If you try to project any modern sensibilities onto the classic Rodgers and Hammerstein musical Oklahoma! it could easily be considered problematic. From courtship rituals that barely require consent to its aggressively all-white cast, the film runs the gamut of outdated middle-American clichés. However, taken for what it is – a musical tribute to a bygone era of American wholesomeness that perhaps never was — and considered within the proper historical context, the film is an incredibly fun piece of saccharine Americana. Fueled by a set of impeccably catchy show tunes, Oklahoma! paints a portrait of prairie life that is so absurdly joyful that it is almost impossible not to have fun with the good natured banality of it all.
Oklahoma! tells the story of a small town box social that is being thrown as a fundraiser for the local schoolhouse. If that string of words doesn’t seem quaint enough, the plot largely concerns the deeply political question of who is going to drive who to the event, and in what mode of conveyance they might travel. The narrative is dominated by a pair of love triangles The first centers around Laurey (Shirley “Marian the Librarian” Jones), who is deeply in love with a chipper cowboy named Curly (Gordon MacRae), but is already committed to commuting with creepy farmhand Jud (Rod Steiger). Meanwhile, equally jovial cowboy Will Parker (Gene Nelson) returns home on a train, to find that his sweetheart Ado Annie (Gloria Grahame) has become infatuated with itinerant peddler Ali Hakim (Eddie Albert). It is all high drama in a town where the cowboys learn to tap dance while the ladies are busy doing ballet in their boudoirs.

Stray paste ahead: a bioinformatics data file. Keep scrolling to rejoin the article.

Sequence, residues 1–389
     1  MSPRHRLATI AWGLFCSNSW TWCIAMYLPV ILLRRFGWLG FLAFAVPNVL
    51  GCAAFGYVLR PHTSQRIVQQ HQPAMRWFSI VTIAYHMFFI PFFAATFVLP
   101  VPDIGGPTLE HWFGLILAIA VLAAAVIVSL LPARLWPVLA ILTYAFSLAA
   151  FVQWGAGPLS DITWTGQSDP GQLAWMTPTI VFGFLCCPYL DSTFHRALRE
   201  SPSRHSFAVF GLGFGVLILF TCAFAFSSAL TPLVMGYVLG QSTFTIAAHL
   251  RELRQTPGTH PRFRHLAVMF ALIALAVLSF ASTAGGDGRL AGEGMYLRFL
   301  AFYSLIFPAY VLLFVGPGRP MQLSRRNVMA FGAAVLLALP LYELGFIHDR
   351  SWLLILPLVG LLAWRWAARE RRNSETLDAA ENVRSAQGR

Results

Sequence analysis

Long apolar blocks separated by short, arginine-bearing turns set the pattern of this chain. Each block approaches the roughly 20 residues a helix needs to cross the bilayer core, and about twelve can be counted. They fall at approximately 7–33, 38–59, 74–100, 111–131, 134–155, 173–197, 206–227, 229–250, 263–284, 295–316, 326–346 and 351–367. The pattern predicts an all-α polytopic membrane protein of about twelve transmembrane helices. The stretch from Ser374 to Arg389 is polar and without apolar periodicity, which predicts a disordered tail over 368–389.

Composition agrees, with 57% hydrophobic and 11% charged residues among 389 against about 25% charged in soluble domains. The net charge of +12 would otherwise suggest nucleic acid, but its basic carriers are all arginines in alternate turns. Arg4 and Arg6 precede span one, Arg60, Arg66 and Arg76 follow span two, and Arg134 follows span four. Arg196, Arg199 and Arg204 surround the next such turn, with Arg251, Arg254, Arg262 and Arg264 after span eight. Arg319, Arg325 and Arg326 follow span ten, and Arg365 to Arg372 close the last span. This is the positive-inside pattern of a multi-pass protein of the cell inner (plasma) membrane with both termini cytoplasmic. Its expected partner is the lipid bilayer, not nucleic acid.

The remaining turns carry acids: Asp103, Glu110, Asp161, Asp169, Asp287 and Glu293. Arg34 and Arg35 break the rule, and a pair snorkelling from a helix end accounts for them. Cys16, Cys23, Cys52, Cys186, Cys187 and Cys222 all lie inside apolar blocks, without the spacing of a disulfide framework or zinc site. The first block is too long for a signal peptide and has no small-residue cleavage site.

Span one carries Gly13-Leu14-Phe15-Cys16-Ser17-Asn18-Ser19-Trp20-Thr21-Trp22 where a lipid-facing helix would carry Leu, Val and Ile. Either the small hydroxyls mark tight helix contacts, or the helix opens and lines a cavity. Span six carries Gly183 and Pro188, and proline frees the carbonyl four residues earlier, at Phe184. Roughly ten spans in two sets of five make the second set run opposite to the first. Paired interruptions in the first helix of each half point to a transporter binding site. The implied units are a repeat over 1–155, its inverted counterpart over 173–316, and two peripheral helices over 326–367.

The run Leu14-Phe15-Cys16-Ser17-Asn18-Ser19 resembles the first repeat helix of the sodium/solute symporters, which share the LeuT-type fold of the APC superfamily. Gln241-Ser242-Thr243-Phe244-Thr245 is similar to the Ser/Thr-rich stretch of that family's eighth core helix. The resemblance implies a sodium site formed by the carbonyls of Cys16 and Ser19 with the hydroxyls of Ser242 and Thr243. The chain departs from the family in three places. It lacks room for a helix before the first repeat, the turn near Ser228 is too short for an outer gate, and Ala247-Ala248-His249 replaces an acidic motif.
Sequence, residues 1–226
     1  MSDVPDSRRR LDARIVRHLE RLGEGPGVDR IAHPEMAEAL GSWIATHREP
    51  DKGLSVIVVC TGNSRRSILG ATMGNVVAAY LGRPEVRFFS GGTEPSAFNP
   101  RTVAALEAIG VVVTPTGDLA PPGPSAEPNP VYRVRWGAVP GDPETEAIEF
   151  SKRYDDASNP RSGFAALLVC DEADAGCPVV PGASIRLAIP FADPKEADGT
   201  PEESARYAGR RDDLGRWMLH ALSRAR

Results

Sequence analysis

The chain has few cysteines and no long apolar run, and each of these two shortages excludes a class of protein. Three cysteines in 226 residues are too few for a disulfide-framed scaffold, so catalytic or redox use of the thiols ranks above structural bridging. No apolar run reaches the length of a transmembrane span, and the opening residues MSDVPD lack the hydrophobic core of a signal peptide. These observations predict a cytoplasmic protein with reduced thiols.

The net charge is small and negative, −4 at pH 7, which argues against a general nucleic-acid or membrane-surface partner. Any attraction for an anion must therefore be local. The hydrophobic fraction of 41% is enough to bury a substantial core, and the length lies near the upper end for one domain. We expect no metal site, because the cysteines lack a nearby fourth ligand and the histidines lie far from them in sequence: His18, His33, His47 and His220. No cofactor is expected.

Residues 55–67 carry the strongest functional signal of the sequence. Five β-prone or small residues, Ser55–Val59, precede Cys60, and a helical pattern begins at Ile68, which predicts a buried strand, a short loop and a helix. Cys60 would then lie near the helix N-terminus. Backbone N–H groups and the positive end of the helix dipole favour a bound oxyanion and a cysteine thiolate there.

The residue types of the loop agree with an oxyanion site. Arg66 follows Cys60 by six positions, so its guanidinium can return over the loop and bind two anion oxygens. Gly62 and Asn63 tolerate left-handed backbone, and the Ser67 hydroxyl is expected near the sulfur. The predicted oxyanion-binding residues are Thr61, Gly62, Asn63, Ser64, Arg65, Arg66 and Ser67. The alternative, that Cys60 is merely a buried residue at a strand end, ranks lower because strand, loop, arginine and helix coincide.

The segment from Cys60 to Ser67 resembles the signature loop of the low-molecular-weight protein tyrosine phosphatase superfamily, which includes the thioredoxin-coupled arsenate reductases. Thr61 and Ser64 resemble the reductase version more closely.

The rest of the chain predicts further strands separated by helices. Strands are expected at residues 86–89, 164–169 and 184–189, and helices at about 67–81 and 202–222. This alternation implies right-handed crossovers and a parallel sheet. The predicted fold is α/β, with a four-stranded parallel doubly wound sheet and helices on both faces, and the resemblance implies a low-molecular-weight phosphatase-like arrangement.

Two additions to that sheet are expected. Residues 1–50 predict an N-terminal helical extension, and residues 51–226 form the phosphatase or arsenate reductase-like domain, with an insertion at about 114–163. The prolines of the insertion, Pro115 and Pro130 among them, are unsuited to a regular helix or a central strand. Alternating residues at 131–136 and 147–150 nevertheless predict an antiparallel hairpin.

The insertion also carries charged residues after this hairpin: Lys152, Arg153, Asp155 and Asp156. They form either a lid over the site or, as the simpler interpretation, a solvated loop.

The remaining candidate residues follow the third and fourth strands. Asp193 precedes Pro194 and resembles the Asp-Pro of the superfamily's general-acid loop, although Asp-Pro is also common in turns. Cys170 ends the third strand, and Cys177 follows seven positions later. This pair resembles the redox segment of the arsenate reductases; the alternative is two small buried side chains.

As the throuples continue to woo each other, the film becomes a pastiche of charmingly antiquated small town life. Women tastefully skinny dip behind conveniently placed bushes. Cowboys tap dance through twirling lassos and on the tops of moving trains. The men are so emotionally stunted that their idea of small talk revolves around suicide and songs about funerals, while the women are commodified as auctioned lunches. And a savvy businessman can buy an unlicensed gun at a school function for a mere eighteen dollars. It’s basically the American frontier dream, but with a lot more bleached smiles.
While it is certainly fun to laugh at the idealized simplicity of a turn of the century love story filtered through the lens of 1950s propriety , the strength of any musical of course lies in its songs. By this measure, Oklahoma! is a tour de force, chock full of infectious entries in The Great American Songbook. “Oh What a Beautiful Mornin’” is intoxicatingly cheerful, while “The Surrey with the Fringe on Top” will have you tapping your toes even as it has you reaching for your dictionary. The lyrics of “I Cain’t Say No” somehow manage to both empower women in a repressive sexual environment while denying them any agency in it, making for a song that is both ridiculous and a ridiculously fun sing-along. “People Will Say We’re In Love” is a perfectly romantic ballad that would be right at home as the intermission of any good barn wedding. And the show-stopping title number will have you belting out the only word you can actually remember for days to come.
The low point of the film is a fifteen minute drug-induced interpretive dance dream sequence that ends with a murder in an expressionist nightmare field. Yet even this highly skippable sequence can be a great source of fun if you break through the tedium by irreverently reminding yourself every few minutes that the dance number is still going on, and still getting progressively weirder with each new music cue.
Verdict: 4 out of 5 Stars.
Even in its most extraneous moments, Oklahoma! never stops being fun. Some moments can be appreciated genuinely, some moments can be appreciated ironically. Either way, it will have you laughing and singing from beginning to end. The film is propelled by the powerful combination of Richard Rodgers’ music and Oscar Hammerstein’s lyrics, which help elevate a largely forgettable story to the level of classic. It is a family friendly romp through the heartland, and a true classic for aficionados of the musical genre or unbridled sentimentality.